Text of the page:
Denial of illness: a reappraisal.

Abstract

The authors attempt to understand the nature of denial of illness by an examination of two patients with serious and disfiguring physical disorders who postponed medical treatment for over a decade. Both patients subsequently had dramatic negative reactions to the therapeutic efforts of physicians caring for them. Various social, experiential, and characterologic determinants are discussed. In addition, the authors argue that the illness served important organizing functions: it sheltered these patients from the exigencies of everyday life; it allowed them to defeat the physician's efforts to effect a cure; and, finally, the disfigured physical state appeared to correspond to their internalized defective self-image and self-esteem.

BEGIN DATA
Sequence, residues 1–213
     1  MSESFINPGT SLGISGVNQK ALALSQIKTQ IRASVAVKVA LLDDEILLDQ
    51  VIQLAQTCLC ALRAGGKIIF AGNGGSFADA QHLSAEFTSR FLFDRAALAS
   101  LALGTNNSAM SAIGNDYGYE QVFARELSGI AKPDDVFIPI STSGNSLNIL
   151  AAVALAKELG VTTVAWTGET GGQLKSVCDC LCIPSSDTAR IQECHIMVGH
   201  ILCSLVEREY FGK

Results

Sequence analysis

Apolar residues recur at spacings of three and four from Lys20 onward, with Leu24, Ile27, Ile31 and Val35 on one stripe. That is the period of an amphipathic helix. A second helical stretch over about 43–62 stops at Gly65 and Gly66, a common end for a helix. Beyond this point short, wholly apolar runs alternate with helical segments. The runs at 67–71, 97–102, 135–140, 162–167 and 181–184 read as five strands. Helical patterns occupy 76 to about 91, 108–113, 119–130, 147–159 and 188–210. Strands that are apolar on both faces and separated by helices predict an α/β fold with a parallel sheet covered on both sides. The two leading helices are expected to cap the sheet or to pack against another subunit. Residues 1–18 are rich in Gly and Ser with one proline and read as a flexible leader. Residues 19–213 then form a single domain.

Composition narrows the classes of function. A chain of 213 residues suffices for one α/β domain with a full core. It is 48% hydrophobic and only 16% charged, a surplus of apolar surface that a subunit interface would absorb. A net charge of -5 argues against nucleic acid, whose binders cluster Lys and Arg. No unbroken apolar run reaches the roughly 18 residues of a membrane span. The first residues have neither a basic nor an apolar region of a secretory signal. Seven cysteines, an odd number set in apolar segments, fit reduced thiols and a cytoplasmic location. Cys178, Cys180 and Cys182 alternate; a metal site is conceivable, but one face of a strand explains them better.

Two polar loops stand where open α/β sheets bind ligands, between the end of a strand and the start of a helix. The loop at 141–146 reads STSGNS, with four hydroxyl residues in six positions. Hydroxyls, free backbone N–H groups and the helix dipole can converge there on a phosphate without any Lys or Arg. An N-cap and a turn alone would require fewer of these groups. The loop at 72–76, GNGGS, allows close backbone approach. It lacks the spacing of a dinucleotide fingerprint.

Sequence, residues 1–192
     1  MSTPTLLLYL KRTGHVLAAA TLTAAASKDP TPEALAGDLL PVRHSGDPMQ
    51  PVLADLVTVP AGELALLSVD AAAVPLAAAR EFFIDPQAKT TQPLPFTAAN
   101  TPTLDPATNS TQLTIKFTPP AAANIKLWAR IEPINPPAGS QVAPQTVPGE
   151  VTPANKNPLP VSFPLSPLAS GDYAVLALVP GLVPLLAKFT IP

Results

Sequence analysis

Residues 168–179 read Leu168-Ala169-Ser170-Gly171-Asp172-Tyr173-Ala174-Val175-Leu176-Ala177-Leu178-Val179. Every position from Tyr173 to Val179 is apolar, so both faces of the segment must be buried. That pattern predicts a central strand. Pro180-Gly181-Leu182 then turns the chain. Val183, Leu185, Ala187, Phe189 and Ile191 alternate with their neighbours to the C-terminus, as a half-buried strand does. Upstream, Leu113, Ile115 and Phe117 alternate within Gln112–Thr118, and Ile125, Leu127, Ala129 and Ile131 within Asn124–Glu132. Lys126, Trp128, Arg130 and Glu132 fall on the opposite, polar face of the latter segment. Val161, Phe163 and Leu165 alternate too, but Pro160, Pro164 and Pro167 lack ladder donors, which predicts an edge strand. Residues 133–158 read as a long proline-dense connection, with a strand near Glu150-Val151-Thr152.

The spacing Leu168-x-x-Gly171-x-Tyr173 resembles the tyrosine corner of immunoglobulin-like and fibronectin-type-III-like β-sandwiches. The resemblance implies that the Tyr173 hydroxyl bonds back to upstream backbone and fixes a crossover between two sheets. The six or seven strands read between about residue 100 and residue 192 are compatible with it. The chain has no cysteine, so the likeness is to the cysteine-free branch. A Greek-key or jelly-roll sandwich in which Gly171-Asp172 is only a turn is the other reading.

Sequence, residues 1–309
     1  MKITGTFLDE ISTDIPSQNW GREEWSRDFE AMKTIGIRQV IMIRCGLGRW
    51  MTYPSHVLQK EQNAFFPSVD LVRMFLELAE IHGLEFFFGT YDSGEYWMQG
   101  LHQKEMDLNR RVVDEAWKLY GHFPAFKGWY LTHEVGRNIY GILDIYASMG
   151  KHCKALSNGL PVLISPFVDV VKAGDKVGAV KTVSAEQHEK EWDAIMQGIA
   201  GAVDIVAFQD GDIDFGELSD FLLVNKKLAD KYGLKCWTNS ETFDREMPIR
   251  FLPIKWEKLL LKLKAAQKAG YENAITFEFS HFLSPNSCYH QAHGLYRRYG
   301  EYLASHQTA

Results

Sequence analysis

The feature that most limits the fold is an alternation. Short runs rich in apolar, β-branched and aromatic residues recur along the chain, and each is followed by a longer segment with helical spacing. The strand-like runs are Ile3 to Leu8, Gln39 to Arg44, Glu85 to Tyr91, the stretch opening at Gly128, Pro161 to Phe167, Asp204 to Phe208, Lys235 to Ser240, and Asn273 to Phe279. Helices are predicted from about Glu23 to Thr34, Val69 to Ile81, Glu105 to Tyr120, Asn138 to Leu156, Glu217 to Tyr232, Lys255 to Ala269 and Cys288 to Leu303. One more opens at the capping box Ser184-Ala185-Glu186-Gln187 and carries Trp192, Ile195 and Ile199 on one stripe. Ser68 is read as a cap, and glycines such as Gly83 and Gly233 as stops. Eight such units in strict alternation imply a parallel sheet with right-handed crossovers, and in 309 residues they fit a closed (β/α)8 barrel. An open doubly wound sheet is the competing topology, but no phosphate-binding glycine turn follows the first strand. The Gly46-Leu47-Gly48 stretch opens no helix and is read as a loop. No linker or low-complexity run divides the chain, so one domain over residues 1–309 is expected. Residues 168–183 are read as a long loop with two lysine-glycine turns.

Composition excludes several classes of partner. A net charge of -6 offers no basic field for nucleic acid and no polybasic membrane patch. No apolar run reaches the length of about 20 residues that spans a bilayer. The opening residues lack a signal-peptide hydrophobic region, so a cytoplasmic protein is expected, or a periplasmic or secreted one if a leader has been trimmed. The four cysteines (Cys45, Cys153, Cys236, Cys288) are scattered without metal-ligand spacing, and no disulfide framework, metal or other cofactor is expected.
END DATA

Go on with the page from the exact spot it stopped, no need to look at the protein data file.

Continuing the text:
Cite this paper

@article{Douglas1987DenialOI, title={Denial of illness: a reappraisal.}, author={Carolyn J Douglas and Richard G. Druss}, journal={General hospital psychiatry}, year={1987}, volume={9 1}, pages={53-7} }